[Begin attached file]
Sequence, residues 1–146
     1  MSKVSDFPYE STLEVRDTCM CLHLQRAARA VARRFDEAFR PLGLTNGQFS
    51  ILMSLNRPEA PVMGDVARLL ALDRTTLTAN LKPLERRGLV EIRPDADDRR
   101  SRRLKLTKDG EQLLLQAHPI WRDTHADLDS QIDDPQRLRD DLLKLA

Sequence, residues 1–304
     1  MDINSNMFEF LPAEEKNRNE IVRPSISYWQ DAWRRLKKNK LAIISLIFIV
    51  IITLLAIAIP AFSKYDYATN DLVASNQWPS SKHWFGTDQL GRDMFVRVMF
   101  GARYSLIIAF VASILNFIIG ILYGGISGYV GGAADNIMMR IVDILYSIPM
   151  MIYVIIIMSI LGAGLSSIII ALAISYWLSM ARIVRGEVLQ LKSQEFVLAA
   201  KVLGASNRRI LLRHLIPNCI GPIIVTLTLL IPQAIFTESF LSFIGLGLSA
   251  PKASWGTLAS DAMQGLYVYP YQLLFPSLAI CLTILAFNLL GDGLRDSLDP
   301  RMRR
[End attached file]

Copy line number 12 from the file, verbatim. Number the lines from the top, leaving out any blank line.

   301  RMRR